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Scoop Coverage: Video Surveillance Bill

Scoop Coverage: Video Surveillance Bill

Surveillance Bill Passes: Call For Report On Urewera Raids To Be Released

Maori Party MP for Waiariki, Te Ururoa Flavell, is calling for two reports on the Tuhoe raids to be released, one by the Independent Police Conduct Authority and the other by the Human Rights Commission. Both these reports, Mr Flavell understands, will outline a severe miscarriage of justice.

“It’s time for the Government to open up the books and let the truth out” said Mr Flavell.

“As they say, sunlight is the best disinfectant – let’s see the whole story come out so we can really understand what went on”. He adds. More>>

ALSO:

human rights, video surveillance, protest

Gordon Campbell: On Why The Video Surveillance Deal Is A Travesty

So a cosy deal has been reached between National and Labour on the shape of the interim legislation governing the Police use of covert video surveillance.

The retrospective part of the government’s proposed Video Camera Surveillance Bill has been dropped... However, that’s a concession without consequences. More>>

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Select Committee Rewrites Bill: Attorney-General 'Welcomes' Report

Passing the Bill will mean Police are able to resume operations involving covert video surveillance of serious offenders. All police covert video surveillance on private property was halted following a Supreme Court decision on 2 September that almost all such operations were illegal.

The select committee report supports the Government's approach of temporarily preserving the law as it was understood before 2 September. More>>

ALSO:

Crown vs Gown: PM On Police Surveillance

During a post-cabinet press conference the Prime Minister made the case that the police in the Urewera case had every reason to think the way they used hidden cameras was legal and the Supreme Court had overturned everything (as opposed to the police engaged in a legally reckless breach of their authority and the Government is now being forced to cover for it)... More>>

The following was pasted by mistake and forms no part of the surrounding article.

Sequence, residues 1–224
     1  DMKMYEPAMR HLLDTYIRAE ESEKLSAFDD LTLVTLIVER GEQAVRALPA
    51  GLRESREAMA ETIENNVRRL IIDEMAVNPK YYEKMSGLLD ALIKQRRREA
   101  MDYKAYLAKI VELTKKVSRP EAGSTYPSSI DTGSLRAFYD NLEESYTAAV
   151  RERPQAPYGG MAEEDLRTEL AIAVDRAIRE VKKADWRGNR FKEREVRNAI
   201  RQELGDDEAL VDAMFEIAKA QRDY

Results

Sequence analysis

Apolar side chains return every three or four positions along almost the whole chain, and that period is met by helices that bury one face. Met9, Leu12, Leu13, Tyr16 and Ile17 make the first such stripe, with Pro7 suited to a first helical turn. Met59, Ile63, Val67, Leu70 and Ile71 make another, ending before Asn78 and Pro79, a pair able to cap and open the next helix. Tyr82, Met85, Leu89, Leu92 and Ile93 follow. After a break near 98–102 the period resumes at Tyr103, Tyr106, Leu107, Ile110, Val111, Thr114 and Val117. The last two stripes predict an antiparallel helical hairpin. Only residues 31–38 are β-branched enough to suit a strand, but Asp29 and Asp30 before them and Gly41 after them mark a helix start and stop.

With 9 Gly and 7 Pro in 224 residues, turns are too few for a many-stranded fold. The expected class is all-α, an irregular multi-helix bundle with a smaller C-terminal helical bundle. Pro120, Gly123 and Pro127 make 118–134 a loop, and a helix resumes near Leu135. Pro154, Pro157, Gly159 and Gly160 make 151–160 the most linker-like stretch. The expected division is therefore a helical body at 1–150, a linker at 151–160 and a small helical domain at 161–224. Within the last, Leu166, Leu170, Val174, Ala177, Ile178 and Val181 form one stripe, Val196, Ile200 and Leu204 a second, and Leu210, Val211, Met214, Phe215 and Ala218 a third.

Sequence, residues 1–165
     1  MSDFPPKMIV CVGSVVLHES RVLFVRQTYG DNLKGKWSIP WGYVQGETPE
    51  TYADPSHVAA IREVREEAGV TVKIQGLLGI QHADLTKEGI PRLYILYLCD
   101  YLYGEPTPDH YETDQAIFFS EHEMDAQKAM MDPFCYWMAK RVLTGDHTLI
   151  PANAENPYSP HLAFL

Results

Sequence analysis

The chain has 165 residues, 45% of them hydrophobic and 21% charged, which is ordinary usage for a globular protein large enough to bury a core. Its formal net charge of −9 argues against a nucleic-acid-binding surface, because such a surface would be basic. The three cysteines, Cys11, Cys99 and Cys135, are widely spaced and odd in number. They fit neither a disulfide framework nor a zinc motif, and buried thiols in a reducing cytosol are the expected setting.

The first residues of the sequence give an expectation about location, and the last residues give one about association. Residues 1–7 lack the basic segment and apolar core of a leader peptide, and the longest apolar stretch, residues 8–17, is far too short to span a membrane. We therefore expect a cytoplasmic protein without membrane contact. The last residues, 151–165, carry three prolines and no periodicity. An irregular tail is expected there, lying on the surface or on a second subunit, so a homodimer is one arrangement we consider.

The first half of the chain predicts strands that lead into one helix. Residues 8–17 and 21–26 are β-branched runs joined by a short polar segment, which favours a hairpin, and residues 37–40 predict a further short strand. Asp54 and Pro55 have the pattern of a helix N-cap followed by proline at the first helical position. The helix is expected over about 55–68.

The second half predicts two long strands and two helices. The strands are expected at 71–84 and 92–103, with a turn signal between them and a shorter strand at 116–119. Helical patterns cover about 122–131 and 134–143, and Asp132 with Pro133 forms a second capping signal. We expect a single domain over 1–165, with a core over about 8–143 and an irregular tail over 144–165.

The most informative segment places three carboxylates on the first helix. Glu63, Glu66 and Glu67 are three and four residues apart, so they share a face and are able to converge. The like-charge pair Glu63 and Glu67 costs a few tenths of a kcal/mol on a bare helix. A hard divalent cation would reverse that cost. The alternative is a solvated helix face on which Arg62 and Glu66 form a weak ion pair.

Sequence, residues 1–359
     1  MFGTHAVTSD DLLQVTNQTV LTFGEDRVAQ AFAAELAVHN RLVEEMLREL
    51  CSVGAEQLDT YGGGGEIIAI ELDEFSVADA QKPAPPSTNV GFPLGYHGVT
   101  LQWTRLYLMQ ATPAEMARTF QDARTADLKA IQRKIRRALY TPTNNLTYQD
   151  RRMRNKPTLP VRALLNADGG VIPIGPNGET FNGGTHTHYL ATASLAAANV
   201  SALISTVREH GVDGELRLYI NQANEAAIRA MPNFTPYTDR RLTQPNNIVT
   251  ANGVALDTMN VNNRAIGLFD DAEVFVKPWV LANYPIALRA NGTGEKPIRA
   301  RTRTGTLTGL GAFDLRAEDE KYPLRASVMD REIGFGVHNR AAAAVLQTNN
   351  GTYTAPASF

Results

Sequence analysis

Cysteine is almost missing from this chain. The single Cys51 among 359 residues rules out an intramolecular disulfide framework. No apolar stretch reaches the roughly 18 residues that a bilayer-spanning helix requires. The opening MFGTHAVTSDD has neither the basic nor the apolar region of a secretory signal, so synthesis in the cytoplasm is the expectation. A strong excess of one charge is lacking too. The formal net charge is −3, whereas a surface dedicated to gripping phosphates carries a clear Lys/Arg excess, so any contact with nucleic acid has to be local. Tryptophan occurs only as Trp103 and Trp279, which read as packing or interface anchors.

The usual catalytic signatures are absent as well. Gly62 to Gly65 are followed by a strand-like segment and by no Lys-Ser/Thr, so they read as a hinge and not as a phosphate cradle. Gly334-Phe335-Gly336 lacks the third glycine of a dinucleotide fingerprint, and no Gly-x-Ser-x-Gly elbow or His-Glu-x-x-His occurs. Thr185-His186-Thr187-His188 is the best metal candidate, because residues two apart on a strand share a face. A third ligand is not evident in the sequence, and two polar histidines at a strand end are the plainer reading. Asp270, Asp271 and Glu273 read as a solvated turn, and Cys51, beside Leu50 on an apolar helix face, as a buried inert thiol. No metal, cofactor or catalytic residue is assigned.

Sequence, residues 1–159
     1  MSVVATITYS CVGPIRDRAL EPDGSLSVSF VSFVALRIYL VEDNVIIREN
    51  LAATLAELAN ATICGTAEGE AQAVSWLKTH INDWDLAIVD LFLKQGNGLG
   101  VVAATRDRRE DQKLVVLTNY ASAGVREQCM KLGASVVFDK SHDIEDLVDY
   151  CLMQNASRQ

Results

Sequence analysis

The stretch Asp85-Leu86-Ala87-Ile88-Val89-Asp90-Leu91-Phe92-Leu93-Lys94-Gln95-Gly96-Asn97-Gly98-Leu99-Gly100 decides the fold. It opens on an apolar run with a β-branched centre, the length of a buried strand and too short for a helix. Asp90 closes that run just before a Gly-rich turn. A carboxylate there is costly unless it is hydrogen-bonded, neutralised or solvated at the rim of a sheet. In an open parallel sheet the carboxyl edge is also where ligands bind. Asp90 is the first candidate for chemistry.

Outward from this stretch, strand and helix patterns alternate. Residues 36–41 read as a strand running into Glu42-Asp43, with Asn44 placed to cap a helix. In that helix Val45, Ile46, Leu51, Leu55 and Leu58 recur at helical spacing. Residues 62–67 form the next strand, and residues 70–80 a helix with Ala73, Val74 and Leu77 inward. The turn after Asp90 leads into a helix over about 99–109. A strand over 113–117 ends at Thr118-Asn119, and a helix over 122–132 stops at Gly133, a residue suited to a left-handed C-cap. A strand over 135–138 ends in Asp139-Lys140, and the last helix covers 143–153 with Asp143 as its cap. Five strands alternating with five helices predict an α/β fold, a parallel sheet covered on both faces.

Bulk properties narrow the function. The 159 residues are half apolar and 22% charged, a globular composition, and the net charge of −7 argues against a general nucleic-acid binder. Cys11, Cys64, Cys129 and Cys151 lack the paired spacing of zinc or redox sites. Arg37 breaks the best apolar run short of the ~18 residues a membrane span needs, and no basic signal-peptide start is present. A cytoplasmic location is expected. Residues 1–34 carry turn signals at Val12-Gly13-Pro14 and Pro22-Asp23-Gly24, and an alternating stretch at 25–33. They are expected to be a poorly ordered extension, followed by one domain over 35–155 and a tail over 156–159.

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Submissions: Labour Sets Out Its Position -
Will Support With Significant Amendments

Charles Chauvel: “The evidence was more or less universally damning of the legislation. Time and time again, witnesses such as the Law Commission, the New Zealand Law Society, the Criminal Bar Association, and the Human Rights Commission referred to the Bill as far too broad, and called for it to be radically amended.

“Having heard the evidence, Labour now sets out its position on the Bill and the amendments that National will be required to agree if it is to have Labour support to pass the House next week...” More>>

ALSO:

Video Surveillance Bill: Police Incompetent Or Contemptuous?

Dr David Small: Fifteen years ago, I caught two agents of the Security Intelligence Service (SIS) breaking into the home of Aziz Choudry, an organizer of a Christchurch conference critical of APEC. More>>

Urgent Select Committee: Public Hearing On Surveillance Bill

Submissions can be made through the Parliament website at http://www.parliament.nz/en-NZ/PB/SC/MakeSub/. Submissions can be made until 12.00am (midnight) tonight, Wednesday, 28 September 2011... Members of the public who want to give evidence at the public hearing are asked to be present at Bowen House between 7.00pm and 8.00pm. More>>